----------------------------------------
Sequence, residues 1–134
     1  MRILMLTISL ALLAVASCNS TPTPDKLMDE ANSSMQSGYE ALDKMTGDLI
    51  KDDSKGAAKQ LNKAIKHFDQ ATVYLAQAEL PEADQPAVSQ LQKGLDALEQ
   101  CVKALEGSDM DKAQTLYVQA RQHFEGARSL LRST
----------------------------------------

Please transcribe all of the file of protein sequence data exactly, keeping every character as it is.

Sequence, residues 1–134
     1  MRILMLTISL ALLAVASCNS TPTPDKLMDE ANSSMQSGYE ALDKMTGDLI
    51  KDDSKGAAKQ LNKAIKHFDQ ATVYLAQAEL PEADQPAVSQ LQKGLDALEQ
   101  CVKALEGSDM DKAQTLYVQA RQHFEGARSL LRST